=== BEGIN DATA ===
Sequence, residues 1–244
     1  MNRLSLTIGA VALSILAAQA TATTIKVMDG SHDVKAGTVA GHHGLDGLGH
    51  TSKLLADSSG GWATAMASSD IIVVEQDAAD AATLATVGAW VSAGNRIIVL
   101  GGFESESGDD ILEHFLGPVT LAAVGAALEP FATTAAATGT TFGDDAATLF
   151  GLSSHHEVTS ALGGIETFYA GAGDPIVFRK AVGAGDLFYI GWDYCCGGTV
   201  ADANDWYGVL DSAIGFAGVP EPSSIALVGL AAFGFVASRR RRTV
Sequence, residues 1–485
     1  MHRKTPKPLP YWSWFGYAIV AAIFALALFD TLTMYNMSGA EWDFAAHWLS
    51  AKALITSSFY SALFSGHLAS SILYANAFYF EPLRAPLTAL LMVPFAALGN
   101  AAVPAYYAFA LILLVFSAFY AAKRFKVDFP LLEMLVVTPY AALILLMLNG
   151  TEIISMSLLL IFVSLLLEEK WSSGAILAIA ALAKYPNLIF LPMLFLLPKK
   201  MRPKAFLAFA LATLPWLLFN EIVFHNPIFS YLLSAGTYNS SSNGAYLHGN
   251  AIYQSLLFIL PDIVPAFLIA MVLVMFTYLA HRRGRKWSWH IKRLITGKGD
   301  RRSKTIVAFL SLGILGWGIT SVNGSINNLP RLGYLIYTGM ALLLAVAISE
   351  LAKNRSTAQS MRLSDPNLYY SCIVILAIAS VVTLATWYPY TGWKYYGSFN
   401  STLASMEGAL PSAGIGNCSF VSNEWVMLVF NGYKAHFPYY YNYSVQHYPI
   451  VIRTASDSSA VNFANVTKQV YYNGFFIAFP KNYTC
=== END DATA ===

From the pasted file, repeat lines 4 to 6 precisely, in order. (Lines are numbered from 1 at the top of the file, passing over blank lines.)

   101  GGFESESGDD ILEHFLGPVT LAAVGAALEP FATTAAATGT TFGDDAATLF
   151  GLSSHHEVTS ALGGIETFYA GAGDPIVFRK AVGAGDLFYI GWDYCCGGTV
   201  ADANDWYGVL DSAIGFAGVP EPSSIALVGL AAFGFVASRR RRTV